Colt 45 is almost ready to release a new product called Blast.
Alas, this isn’t your father’s Colt 45. Blast has 12% alcohol by volume and is laced with caffeine. It will be marketed in a colorful can which critics say can easily be confused with a soft drink, making it dangerous for children. In a controversial move, the new owners of Pabst (which makes Colt 45) have hired the rapper Snoop Dogg to promote it, creating allegations that they are exploiting the African-American community.
Blast belongs to a category called “progressive adult beverages,” which grossed very close to $1 billion in sales last year. Mike’s Hard Lemonade is in this group, along with a drink called Four Loko. Activists are becoming more vocal in their opposition to these drinks, and in some cases are succeeding in having an effect—last year, the manufacturers of Four Loko voluntarily removed the caffeine from their beverage after several college students died from drinking it.
It’s unlikely that I’ll be quaffing any Blast, but I thought it would be interesting to examine the objections to it: 1. It contains fruit flavors and 12% alcohol by volume (so does wine). 2. The packaging is bright and colorful, making it attractive to younger drinkers (same thing with Yellow Tail, as well as most of the “critter labels” coming from Australia). 3. Children are likely to be attracted to the packaging and try to buy it (in my experience, kids want a lot of things, and someone has to tell them no—in this case, the guy working in the convenience store). 4. It is exploiting the African-American community (absolutely—but no worse than Thunderbird, which was actually given away in ghetto areas prior to its launch in the 1950s. Gallo makes a number of these brands, and I don’t recall anyone objecting to them).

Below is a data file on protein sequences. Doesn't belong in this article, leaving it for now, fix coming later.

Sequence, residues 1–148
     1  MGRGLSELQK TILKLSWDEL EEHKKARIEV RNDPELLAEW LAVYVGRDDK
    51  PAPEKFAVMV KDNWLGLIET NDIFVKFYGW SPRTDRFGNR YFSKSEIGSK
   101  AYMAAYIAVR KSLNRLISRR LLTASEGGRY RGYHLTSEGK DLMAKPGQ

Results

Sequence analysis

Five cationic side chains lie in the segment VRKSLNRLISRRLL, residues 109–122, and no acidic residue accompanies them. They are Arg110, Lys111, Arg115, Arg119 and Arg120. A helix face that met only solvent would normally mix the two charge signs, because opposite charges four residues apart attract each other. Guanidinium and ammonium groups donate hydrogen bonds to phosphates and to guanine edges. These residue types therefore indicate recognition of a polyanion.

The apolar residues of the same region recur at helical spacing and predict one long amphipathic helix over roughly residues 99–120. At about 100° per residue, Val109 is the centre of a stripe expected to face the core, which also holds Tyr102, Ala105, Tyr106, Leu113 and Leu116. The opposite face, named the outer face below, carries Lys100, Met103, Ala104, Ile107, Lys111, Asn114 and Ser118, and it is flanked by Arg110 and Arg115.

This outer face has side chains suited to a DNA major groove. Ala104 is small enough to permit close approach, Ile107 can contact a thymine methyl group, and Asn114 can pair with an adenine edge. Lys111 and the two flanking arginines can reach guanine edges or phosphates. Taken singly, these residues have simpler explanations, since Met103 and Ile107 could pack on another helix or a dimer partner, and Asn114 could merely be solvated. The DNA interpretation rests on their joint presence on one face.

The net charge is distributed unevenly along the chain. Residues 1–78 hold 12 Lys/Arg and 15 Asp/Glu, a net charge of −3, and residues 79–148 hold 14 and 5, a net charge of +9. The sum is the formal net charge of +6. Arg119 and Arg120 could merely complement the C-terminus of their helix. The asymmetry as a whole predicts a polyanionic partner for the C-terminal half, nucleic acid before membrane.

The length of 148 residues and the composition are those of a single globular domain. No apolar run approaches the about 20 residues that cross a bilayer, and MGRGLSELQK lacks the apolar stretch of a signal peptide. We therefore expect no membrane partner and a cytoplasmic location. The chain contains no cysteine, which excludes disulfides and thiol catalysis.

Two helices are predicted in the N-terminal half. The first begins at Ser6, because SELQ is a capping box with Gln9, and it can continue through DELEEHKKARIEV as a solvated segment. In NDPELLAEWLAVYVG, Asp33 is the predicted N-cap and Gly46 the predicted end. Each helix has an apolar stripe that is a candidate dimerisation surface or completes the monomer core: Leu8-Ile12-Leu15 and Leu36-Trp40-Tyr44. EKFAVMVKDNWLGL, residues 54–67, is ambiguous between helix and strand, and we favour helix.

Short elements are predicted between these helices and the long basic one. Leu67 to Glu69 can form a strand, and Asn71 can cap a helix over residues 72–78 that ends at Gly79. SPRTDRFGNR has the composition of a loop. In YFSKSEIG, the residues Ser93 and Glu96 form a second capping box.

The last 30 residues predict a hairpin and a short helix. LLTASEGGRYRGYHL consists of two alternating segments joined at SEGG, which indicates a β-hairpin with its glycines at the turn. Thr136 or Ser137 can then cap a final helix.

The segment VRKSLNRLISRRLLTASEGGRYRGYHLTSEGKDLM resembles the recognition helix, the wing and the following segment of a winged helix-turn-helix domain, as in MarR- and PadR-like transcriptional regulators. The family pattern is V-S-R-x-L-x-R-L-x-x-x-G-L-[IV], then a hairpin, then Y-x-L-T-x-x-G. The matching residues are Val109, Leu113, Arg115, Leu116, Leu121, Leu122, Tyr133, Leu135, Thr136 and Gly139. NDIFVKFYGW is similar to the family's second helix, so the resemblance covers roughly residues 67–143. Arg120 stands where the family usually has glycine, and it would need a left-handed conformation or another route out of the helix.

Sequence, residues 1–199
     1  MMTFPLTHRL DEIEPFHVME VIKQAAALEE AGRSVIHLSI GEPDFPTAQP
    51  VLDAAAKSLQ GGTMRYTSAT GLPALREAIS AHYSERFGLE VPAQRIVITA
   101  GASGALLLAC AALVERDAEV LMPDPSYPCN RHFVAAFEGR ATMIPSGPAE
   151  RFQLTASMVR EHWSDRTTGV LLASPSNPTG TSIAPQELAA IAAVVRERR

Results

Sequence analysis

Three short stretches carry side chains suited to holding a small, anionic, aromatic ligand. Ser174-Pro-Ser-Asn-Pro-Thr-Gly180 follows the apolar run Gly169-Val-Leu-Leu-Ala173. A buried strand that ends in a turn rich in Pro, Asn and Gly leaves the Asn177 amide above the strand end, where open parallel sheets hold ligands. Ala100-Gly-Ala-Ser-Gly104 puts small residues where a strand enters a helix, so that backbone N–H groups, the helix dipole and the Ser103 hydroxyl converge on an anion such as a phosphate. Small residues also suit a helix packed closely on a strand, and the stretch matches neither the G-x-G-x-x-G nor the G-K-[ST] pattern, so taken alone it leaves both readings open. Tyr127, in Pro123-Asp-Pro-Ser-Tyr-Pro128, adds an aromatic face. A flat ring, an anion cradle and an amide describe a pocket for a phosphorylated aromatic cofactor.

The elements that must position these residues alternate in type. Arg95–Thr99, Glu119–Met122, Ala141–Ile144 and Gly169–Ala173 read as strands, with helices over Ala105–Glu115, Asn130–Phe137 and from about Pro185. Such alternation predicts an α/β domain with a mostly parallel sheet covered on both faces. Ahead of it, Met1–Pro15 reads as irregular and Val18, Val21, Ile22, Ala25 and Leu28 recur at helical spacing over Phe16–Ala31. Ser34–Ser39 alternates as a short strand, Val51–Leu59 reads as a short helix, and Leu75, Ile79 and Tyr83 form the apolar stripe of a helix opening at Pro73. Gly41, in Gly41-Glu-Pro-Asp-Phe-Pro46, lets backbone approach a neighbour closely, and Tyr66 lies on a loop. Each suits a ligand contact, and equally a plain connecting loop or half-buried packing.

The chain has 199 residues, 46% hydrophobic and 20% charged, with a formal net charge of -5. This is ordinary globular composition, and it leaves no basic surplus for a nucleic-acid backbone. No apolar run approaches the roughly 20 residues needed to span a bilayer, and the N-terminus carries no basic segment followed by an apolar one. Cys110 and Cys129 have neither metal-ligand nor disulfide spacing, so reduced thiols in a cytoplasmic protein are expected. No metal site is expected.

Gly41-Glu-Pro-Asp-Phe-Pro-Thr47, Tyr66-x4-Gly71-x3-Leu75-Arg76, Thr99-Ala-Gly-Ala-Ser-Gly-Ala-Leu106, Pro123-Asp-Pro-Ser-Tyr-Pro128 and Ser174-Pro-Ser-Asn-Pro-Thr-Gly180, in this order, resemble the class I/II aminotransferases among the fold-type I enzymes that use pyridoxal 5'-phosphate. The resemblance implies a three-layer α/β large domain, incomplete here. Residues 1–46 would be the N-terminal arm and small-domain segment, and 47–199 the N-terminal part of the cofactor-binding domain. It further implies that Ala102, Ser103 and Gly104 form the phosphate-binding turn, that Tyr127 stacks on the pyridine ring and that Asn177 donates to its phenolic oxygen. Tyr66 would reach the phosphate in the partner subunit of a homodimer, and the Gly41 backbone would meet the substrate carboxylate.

To be safe, perhaps we should just ban everything potentially dangerous to humanity. Take the example of cars—nearly 34,000 people died on America’s roads last year. Yet they are still marketed based on their horsepower and acceleration power, and many of the ads are clearly targeted to the younger segment of the population.